Anastasia Qvist is an outstanding lawyer. My criminal law situation (family violence order) was difficult, complex and Ana's diligence saved me as I was going through the most difficult period of my life. Ana is down to earth, commonsense and she even kept our costs to a minimum. She is a skilled litigator and knows the ins and outs of the ACT Magistrates Court. She dealt skillfully with the DPP and is an excellent negotiator. You will get a fair representation and she genuinely cares about her clients. She has my complete recommendation. The lady goes to bat for her clients.
I would strongly recommend Anastasia to anyone who is seeking legal representation. As a first-time offender who was charged with a Level 2 Drink Driving offence, she walked me through every step of the matter and was very upfront and clear on all aspects of my case. She was always accessible when I needed advice. Her approach and advice were excellent. Under her representation, I received the best possible outcome and managed to avoid a criminal conviction. She was a pleasure to deal with throughout the whole matter.
Anastasia Qvist was very professional and helpful in every step of my matter. I got a very good outcome and I can’t thank you enough for your hard work and the Armstrong Legal team in Canberra. I would highly recommend her!!!
Throughout Angela has been the consummate professional. She maintained a calm, yet strong demeanour remained informative and completely open in her communication and took complete ownership of the situation. We felt confident we finally had an advocate to steer us out of the nightmare we were in, and she did so with great respect and sincerity. I cannot speak more highly of Angela. She has literally rescued our family from what looked very much like a hopeless future.
Words can’t describe how grateful I am to Trudie Cameron being my solicitor and to Andrew Tiedt presenting my case in the court. They both have been very supportive and amazingly professional and effective. I’ve got an absolutely fantastic outcome I couldn’t even dream about.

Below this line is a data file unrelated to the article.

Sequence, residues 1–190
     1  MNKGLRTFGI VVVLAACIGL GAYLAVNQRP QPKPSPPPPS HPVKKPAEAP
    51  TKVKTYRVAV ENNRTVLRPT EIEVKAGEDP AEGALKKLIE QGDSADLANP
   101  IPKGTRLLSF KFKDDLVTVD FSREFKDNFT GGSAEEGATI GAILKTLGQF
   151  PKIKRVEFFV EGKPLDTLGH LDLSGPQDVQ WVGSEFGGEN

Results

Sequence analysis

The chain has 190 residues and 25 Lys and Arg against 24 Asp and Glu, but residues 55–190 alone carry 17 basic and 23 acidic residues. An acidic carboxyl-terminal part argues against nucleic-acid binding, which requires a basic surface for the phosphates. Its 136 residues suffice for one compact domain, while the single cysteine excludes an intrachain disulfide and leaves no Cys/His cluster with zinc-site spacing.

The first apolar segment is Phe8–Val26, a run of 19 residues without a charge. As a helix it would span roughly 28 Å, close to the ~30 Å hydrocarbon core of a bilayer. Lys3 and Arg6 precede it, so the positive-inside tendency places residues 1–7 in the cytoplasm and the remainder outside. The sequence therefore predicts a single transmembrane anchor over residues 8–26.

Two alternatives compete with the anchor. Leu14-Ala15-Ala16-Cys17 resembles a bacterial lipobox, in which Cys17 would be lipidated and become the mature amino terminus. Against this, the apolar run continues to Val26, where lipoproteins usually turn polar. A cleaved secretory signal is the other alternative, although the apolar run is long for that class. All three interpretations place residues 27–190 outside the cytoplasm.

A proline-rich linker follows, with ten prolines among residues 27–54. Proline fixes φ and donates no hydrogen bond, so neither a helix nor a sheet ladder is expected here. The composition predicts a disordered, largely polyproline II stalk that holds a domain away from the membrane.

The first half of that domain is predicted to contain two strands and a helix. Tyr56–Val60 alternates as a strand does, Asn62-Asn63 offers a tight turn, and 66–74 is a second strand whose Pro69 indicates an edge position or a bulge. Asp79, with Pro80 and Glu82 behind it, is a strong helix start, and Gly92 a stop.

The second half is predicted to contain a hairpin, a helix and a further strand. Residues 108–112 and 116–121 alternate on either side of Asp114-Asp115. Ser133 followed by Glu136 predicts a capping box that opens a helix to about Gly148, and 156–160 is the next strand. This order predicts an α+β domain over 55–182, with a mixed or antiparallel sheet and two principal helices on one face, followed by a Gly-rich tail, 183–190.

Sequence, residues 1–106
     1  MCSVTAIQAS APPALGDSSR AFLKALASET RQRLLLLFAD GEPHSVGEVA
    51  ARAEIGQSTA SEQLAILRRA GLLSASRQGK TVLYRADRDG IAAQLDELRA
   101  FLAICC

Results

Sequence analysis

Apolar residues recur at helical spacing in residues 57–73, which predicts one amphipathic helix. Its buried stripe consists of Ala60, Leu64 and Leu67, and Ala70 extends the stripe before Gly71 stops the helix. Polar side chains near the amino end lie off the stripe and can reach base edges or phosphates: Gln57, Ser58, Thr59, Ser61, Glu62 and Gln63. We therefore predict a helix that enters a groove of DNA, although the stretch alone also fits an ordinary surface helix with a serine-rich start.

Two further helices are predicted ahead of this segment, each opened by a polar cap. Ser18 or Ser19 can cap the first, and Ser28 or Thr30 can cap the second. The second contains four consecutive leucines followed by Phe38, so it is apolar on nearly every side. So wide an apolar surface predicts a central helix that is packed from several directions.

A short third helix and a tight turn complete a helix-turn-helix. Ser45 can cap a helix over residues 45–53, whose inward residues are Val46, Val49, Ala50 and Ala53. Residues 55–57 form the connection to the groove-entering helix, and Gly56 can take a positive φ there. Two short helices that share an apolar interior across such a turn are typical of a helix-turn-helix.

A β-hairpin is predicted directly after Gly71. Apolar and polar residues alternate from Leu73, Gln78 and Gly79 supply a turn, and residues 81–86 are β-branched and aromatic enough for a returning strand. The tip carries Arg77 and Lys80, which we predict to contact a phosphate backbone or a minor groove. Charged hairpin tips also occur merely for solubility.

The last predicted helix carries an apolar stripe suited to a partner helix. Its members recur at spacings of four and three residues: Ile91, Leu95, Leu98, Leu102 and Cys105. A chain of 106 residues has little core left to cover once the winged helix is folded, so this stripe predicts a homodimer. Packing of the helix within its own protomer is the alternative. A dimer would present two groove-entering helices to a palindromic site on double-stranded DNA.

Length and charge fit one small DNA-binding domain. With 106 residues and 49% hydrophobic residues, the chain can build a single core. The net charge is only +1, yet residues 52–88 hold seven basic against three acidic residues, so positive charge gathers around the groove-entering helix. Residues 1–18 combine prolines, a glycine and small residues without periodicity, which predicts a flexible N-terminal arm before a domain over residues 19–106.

Soon after meeting Andrew I knew he was the solicitor I wanted to handle my matter. He immediately sprang into action which brought me stability and hope during a tumultuous time in my life. Andrew was never afraid to give me straight answers to my tough questions which is a true mark of integrity. He is clearly at ease in the court environment and I believe his calm and measured demeanour went a long way to helping me secure the best result from my day in court. I would certainly recommend you approach Andrew if you need assistance.
"Andrew Tiedt was very professional and considerate to personal circumstances and gave sound advice that resulted in the best outcome possible. Highly recommended."
In Queensland a court can make an order under section 12 Penalties and Sentences Act 1992 (the Act) to not record a conviction. If a person has been found guilty and a sentence has been imposed for an offence, section 12 provides the court with the discretion to not record a conviction.
If a court exercises its discretion to not record a conviction, an offender can lawfully state that they do not have any criminal convictions. However, there are exceptions to a courts discretion. For example, if you have been sentenced to a term of imprisonment, the discretion will not apply and a magistrate or judge must impose the recording of a conviction.
The court is required to take into account all of the circumstances surrounding the individual’s case before making its determination. The following factors are to be considered:
The Nature of The Offence
The discretion to not record a conviction is more commonly exercised for minor offences rather than indictable offences. The court will take into account what kind of offence has been committed and any other relevant circumstances that impact the severity of the offending. For example, aggravated circumstances of the offending.
If the court exercises their discretion to not record a conviction, another form of penalty will be imposed. For example, a fine, community service order or good behaviour bond.
Character and Age
The Act provides for the court to take into consideration an offender’s character and age. It is common practice to produce evidence that attests to your good character. For example, a character reference from an employer, close friend or family member.
Economic, Social Wellbeing and Employment
The Act provides that a court must factor in the detriment the recording of a conviction could have on your economic, social wellbeing or employment. However, the court will require evidence to support the submission. For example, a reference from your employer, evidence of travel restrictions or an employment position’s criteria outlining the requirement to disclose convictions.
WHERE TO NEXT?
If you suspect that you may be under investigation, or if you have been charged with an offence, it is vital to get competent legal advice as early as possible. Our lawyers are highly specialised in criminal law and will be able to guide you through the process while dealing with the various authorities related to your matter.
WHY CHOOSE ARMSTRONG LEGAL?
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